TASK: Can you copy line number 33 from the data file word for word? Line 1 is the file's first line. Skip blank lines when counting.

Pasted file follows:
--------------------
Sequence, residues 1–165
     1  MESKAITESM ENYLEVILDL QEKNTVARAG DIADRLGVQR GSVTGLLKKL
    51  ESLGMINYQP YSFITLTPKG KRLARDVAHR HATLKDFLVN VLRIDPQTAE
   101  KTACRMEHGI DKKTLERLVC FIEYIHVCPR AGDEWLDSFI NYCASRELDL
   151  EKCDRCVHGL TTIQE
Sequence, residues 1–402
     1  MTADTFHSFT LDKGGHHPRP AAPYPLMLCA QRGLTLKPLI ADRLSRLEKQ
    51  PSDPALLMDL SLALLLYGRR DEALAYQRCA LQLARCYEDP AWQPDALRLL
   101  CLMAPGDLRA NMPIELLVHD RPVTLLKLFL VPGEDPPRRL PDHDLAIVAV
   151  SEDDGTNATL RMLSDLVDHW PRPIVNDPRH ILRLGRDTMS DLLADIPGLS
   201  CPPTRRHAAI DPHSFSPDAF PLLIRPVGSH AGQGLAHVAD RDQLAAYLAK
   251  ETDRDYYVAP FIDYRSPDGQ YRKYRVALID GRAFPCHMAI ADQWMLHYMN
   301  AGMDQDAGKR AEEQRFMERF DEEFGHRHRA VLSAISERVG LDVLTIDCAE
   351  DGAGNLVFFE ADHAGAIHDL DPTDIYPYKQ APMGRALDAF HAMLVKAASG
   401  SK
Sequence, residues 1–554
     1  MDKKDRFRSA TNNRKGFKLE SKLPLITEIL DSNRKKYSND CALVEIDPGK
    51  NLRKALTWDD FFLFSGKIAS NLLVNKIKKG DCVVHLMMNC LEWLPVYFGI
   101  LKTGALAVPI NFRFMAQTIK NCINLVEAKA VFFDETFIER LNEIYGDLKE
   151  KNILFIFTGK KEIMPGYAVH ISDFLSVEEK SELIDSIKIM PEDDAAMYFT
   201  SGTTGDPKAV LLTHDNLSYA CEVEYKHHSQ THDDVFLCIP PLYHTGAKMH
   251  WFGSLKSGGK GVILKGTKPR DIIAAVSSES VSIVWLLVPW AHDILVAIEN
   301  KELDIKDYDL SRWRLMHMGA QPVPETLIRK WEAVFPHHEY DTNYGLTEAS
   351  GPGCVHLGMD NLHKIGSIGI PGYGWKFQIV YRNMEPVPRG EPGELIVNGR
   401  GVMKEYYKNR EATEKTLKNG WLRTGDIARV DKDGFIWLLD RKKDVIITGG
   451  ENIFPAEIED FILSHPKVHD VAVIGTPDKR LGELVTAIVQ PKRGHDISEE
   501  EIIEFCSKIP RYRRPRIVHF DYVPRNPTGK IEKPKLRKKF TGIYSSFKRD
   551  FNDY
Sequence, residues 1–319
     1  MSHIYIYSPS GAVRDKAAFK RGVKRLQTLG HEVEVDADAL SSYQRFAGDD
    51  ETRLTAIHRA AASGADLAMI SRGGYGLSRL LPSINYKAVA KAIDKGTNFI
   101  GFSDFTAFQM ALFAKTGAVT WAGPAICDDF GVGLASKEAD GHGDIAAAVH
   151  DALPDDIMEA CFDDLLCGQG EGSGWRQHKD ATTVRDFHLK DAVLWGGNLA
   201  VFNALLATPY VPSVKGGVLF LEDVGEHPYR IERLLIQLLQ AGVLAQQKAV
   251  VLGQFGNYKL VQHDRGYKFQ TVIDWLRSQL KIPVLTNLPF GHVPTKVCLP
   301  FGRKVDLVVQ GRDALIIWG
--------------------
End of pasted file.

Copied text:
   151  DALPDDIMEA CFDDLLCGQG EGSGWRQHKD ATTVRDFHLK DAVLWGGNLA